Infrequently Noted

Alex Russell on browsers, standards, and the process of progress.

Comments for What else is burried down in the depth's of Google's amazing JavaScript?

So, how does this work in Firefox then? Another technique?
by robert at
On FF (1.5), the communication iframe only makes the statusbar say "Transfering data from" while the throbber stops when a subsequent HTTP request has finished. It's much less distracting. While not perfect, it sure beats having the top thinger spinning, and a solution for the 85%+ browser is *much* more important for the acceptance of the technique.
by alex at
Is the htmlfile object documented anywhere? I can't find it on MSDN (but then I can never find anything on MSDN).
Not sure. I think the above syntax gives you a document that implements IHTMLDocument2:


by alex at
How's the rewrite of mod_pubsub going?
It's done but not yet released as Open Source software. You might ping Joyce to see what the current price for a copy is.
by alex at
Nice, but this is still a "hack", the problem is that HTML is just not suitable for RIA's. I believe that "ajax" can be used for small parts of a website, but its totally not suitable for complete webbased applications with rich interaction. One of the worst things about Ajax is that techniques are based on hacks, and not on standards. An other problem is that HTML is just not suitable for rich internet, example: if you need an accordion element, tree structure, or tab interface, you have to build it still in HTML. While in flash its just adding 1 tag and its completely rendered on the client.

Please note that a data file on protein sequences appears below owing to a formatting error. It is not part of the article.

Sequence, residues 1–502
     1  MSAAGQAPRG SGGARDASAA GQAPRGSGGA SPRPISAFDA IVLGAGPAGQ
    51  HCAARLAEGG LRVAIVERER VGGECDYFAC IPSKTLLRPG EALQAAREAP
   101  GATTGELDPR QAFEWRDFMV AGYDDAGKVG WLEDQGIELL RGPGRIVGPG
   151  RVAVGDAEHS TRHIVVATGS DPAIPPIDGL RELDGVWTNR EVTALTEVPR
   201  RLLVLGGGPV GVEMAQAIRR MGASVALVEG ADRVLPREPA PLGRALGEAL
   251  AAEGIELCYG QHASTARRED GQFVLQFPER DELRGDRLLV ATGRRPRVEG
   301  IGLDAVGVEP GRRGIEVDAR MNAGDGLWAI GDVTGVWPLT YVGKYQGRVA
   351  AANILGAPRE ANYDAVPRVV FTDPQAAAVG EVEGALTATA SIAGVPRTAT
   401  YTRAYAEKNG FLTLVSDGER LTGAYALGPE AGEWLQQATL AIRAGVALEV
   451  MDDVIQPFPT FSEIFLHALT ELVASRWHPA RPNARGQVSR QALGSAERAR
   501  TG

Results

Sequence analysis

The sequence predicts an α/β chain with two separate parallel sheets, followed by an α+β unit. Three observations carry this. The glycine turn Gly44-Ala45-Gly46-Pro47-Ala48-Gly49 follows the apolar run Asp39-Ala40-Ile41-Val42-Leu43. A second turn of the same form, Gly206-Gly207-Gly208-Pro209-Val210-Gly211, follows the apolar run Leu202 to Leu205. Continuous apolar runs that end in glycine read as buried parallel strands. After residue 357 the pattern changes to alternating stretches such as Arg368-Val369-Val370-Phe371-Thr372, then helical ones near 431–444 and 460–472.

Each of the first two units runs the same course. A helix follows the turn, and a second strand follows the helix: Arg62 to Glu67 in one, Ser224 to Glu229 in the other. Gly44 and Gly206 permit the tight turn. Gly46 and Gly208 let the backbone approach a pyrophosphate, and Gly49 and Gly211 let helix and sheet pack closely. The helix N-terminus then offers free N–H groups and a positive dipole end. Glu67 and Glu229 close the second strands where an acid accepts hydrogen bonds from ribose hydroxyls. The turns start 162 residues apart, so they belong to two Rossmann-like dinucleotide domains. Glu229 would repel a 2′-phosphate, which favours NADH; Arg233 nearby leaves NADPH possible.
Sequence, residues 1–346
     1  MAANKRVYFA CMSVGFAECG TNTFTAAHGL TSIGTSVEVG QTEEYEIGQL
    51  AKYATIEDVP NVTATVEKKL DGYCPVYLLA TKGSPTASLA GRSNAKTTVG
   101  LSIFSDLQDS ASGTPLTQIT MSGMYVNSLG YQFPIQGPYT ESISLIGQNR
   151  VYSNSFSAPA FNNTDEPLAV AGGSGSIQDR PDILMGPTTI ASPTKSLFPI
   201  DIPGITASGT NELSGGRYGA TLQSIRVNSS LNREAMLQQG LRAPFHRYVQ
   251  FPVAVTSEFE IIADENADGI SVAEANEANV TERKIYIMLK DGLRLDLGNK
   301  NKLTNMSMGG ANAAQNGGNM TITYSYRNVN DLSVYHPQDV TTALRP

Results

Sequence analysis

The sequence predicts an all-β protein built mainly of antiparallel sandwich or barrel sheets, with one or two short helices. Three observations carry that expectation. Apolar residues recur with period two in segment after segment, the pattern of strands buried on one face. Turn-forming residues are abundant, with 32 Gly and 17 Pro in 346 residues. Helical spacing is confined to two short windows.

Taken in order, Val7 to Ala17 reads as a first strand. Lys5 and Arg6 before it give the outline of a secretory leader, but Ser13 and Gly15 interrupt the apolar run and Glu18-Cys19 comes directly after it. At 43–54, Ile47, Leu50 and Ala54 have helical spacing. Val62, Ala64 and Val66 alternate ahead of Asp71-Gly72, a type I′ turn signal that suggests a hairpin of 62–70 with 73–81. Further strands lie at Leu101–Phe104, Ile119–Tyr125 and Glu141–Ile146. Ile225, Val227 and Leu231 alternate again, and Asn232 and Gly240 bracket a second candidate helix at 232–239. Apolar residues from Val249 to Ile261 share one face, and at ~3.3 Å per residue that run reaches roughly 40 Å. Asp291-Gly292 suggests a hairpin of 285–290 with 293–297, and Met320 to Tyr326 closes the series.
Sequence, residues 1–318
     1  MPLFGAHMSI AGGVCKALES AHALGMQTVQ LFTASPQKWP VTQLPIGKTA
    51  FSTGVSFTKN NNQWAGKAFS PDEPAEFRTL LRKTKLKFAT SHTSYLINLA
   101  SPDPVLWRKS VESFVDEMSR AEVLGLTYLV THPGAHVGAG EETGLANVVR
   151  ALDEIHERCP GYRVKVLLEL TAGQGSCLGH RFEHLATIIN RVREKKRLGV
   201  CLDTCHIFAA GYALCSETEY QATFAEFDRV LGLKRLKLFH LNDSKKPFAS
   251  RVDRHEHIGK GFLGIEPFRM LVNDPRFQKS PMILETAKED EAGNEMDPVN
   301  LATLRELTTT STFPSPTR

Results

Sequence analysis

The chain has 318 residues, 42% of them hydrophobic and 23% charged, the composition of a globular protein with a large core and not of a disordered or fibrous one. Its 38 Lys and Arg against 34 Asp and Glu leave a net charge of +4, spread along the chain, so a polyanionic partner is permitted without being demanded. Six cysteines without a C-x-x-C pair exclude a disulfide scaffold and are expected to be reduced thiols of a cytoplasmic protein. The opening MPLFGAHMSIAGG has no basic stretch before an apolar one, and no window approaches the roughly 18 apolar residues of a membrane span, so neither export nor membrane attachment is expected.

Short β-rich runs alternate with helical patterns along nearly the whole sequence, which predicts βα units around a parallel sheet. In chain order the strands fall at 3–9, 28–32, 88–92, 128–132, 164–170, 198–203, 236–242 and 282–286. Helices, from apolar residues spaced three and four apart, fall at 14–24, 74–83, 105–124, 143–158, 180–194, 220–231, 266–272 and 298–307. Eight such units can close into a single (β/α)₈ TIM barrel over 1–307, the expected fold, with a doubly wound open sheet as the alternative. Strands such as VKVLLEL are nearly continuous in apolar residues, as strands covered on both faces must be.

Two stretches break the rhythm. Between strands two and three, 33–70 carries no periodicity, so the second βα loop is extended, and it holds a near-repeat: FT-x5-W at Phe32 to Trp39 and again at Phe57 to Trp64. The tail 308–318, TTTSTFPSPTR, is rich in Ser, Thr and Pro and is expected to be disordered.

by Sjors Pals at

Of course it's a hack. Welcome to the web. This is how real work gets done out here in the world of universal deployment.

As for Flash and components, I invite you to check out the widgets we're building in Dojo. They make building richer interfaces easier, to the extent that declaring rich components can be as little as a couple of tags. These components aren't Flash, but that's both a benefit and a liability.


by alex at
Tables were hacks too, and look at how using them turned out. I have a feeling that we're going to be repeating history with applications based on code like this.
by Jake at
Forgive the denseness, but how is this different from programatically or manually (via a click) changing the src of the iframe to a dynamic page and writing out the javascript data using some server side technology? (e.g. the "back in the old days" method) Or if you prefer, changing the location of a 0px w/h or hiddent frame?